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Seattle bike shares roll out in full force. (GeekWire Photo / Todd Bishop)

Finding a bike to rent in Seattle shouldn’t be a difficult problem come next week.

Bike-sharing companies Spin and LimeBike debuted in Seattle last month with 500 bicycles each as part of a six-month pilot program organized by the city. The regulations now allow for 1,000 bicycles per company, so expect to see more orange and green two-wheelers around town.

And now, as The Seattle Times noted today, two additional bike-sharing companies — VBikes and Ofo — have applied for permits with the city and could roll out their own bikes next week. They would also be able to operate up to 1,000 bicycles, meaning there could be 4,000 bike-sharing bikes on the roads in Seattle.

The per-company bike limit goes from 1,000 to 2,000 in September, and expands again in October. Spin says its ultimate goal is to have 10,000 bikes across Seattle.

So basically, get ready for a ton more bikes in the Emerald City.

LimeBikes invade Seattle’s Discovery Park. (Photo by Amy Bishop)

VBikes is based in Garland, Texas, and operates silver bikes. Ofo, meanwhile, is based in China and just raised a $700 million round. It operates yellow bikes.

All four companies are looking to offer a new dockless approach to short-term urban bike rentals — something that Seattle has struggled with in the past with the ill-fated Pronto program. The automatic locks allow users to leave their two-wheelers essentially wherever they want. They cost $1 per 30 minutes of riding and both Spine and LimeBike offer monthly deals; payment and reservation is done through smartphone apps.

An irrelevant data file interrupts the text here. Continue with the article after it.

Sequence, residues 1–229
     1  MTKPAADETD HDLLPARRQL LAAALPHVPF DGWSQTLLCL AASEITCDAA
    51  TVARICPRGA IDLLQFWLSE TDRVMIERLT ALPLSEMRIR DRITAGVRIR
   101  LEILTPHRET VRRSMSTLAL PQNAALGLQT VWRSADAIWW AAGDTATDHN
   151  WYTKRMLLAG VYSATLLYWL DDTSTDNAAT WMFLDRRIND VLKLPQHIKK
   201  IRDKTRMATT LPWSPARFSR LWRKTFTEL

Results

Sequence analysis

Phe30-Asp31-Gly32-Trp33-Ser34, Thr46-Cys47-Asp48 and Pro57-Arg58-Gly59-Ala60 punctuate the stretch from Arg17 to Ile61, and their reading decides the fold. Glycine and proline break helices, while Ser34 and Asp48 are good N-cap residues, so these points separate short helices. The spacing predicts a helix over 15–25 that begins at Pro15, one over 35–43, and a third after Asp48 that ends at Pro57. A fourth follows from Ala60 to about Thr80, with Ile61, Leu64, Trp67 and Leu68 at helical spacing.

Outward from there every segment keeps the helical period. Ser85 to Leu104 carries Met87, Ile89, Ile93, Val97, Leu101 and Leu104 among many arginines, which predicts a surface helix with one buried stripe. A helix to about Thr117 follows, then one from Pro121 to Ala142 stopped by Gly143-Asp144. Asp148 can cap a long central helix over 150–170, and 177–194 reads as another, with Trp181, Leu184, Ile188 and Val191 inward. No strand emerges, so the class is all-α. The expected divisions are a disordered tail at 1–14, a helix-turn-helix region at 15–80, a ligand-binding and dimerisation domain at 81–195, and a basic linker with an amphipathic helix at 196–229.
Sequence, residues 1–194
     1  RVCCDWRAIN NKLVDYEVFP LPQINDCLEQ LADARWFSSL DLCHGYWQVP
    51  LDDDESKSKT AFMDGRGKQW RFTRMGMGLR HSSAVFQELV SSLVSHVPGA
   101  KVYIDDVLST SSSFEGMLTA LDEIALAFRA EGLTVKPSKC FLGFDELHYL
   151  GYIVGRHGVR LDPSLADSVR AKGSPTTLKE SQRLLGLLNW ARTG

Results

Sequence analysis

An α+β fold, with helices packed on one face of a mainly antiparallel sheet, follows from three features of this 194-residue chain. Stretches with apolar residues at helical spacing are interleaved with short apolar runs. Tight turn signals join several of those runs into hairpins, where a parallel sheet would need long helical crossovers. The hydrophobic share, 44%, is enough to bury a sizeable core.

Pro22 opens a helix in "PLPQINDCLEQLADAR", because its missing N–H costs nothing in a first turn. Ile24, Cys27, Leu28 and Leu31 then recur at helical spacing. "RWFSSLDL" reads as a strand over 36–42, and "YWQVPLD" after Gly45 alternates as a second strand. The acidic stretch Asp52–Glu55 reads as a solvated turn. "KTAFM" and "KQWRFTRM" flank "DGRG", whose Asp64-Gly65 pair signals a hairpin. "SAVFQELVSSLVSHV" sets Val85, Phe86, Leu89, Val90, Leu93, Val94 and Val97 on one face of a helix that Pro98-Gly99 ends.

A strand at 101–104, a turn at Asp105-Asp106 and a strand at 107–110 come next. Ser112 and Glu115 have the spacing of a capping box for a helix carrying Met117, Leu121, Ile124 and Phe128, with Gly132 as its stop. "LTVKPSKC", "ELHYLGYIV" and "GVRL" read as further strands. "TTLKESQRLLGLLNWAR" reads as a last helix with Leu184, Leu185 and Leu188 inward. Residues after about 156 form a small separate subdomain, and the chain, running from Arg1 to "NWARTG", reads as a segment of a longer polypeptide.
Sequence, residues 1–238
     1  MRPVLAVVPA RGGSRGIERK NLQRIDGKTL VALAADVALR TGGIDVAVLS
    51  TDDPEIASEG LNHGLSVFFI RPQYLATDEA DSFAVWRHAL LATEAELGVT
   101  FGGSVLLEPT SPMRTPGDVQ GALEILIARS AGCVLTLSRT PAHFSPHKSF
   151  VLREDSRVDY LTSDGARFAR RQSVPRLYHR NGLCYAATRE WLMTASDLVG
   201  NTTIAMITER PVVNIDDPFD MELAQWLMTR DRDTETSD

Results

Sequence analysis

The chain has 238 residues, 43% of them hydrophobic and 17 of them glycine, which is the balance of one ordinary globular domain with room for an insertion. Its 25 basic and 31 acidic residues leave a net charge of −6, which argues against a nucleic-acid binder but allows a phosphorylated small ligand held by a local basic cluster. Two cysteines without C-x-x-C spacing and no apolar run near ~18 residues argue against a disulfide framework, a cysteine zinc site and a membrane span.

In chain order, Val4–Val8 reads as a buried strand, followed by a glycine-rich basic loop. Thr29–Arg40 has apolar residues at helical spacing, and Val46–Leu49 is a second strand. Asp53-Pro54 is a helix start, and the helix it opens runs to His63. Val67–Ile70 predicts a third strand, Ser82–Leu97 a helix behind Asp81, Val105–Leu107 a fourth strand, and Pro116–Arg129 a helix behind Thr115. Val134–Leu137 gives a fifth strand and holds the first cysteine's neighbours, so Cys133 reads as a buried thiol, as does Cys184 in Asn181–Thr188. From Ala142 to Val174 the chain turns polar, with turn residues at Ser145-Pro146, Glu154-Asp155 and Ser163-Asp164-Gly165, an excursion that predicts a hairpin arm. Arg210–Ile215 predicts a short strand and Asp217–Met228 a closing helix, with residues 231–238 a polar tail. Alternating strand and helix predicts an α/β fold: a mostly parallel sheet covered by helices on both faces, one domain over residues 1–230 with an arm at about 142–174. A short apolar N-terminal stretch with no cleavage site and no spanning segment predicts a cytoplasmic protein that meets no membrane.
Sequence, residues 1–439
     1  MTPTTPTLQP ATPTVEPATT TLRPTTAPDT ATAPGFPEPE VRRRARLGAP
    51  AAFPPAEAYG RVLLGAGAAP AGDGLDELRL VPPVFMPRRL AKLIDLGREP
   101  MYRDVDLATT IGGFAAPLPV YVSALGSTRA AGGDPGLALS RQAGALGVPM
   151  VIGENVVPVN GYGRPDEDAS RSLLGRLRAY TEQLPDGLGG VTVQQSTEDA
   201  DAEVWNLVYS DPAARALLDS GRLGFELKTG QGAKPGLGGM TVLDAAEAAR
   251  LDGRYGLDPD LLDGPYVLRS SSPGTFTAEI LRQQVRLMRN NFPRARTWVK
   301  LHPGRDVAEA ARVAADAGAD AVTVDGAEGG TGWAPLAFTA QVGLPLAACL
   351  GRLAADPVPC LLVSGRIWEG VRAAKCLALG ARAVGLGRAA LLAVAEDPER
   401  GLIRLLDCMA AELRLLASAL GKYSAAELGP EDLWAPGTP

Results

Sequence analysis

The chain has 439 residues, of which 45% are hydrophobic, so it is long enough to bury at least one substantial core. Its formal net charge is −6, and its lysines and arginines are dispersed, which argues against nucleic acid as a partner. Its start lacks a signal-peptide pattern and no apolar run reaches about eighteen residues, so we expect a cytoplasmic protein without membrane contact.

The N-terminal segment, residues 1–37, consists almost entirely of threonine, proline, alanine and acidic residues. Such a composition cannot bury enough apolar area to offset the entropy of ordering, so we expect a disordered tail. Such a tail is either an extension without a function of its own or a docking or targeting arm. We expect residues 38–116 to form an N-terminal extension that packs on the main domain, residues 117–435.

A LimeBike in Ballard.

Spin reported 5,008 rides through the first week of service; that’s about 10 rides per bike, with each being used once or twice a day. LimeBike reported 10,000 rides during its first week of service, which translates to about 20 rides per bike.

Here’s a heat map via Spin, showing pickup locations for trips during its first week:

Seattle Bike Blog notes that Pronto had 3,134 rides during its first week of operation in late 2015, but averaged 394 rides per week during its first year. Pronto had 500 bicycles on Seattle’s streets before it shut down in March.

You unlock and lock Spin bikes with a QR code attached on the rear wheel.

You can read our full review of both LimeBike and Spin here. Both companies are expanding elsewhere across the U.S. in cities like Dallas.

One issue we noted in our review was the lack of available helmets for both services; it’s illegal in Seattle and King County to ride a bike without one. LimeBike plans to distribute 1,000 helmets at promotional events, but neither company is providing helmets to riders as part of the service.

If anything, the bicycles are surely attracting attention in Seattle. Spin even made an impromptu appearance when an employee showed up on the big screen during a live interview at Valve’s big Dota 2 esports event at Key Arena in Seattle. Asked what team he came to see play in the Dota 2 tournament, Spin’s Adam Mason said “I’m actually working right there at Spin bicycles, we’re trying to get customers.”

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